Place in saucepan. Cover well with cold water.
Bring to boil and simmer 10 min.
Drain and put in sealed container in refrigerator. Keeps for over a week.

Ψ Philippine Banana Flower

2 rashers bacon
5 cloves garlic
1 medium onion
3 cups banana flower (prepared as above)
½ cup vegetable water
1 small tin button mushrooms
3 tomatoes

Cook diced bacon and crushed garlic gently until moisture is out of bacon - do not burn
Remove from saucepan, add onion and brown slightly
Add chopped tomatoes, vegetable water, and chopped mushrooms with
Return bacon and garlic to mixture with prepared banana flower
Season to taste with salt and pepper and lemon juice
Simmer for 5 min and thicken with a little cornflour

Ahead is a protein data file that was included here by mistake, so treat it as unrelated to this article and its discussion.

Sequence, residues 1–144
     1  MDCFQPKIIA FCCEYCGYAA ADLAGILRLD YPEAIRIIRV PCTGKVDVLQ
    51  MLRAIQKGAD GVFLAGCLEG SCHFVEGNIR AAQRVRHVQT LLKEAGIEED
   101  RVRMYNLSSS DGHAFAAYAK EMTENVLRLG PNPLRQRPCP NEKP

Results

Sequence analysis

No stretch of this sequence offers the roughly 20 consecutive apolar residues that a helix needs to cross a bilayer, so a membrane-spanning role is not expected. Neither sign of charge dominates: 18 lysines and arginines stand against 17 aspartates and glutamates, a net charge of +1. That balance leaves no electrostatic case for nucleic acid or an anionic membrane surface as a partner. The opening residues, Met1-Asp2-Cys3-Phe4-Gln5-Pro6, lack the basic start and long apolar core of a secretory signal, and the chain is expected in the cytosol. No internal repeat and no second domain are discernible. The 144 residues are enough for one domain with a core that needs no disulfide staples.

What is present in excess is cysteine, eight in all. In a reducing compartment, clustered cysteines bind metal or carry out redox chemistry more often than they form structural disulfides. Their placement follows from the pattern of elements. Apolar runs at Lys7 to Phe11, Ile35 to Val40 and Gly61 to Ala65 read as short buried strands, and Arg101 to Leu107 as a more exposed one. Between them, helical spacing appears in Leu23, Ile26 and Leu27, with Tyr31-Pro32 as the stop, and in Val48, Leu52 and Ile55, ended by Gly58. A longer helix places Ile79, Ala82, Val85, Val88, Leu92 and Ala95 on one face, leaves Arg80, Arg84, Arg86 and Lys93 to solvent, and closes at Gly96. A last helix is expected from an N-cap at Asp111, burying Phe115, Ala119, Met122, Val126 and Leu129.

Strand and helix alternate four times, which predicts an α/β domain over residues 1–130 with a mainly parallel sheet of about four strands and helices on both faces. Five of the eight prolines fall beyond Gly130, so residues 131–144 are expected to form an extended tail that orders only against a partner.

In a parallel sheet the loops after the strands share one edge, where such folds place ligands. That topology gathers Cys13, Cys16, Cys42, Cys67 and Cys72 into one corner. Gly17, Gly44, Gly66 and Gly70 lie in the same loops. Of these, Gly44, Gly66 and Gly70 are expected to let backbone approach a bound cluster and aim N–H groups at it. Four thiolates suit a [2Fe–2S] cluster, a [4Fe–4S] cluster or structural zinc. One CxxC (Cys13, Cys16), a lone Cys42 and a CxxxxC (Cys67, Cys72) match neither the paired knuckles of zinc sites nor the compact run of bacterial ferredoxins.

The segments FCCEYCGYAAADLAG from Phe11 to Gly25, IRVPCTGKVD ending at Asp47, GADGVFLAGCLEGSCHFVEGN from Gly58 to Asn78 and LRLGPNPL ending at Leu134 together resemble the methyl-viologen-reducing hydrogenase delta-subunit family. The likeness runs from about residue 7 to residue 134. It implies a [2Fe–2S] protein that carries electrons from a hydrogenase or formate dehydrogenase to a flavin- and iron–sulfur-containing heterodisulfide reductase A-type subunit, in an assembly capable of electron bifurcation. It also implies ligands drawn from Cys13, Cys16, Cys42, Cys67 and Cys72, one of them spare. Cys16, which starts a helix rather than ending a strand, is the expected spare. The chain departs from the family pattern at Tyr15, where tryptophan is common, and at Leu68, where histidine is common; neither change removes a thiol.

Marlow Traore said...

i like bananas and on sunday i will taste your recipe, thank you

Profile Not Available said...

This was fascinating reading! I have never seen a banana flower before, they are so unusual and quite beautiful! When I think of edible flowers, my experience is limited to sugary garnishes. It is interesting that the fruit is sweet, but the preparation for the flower renders it more savory. I think that is the proper term.

Tom said...

Hi Jules.. I loved this post but I'll skip the recipe.. one thing I suddenly realised today... and it made me shiver.. Banana/Spider I have a thing for spiders.. you must get some weird and wonderful ones there.. When I say I have a thing for spiders.. I mean I cry like a little girl and shout for Jane to remove it. :O)

MmeBenaut said...

Gosh, I had no idea that one could eat the flower! I can't imagine the taste although the recipe certainly looks interesting. It must be nice to go through all that preparation.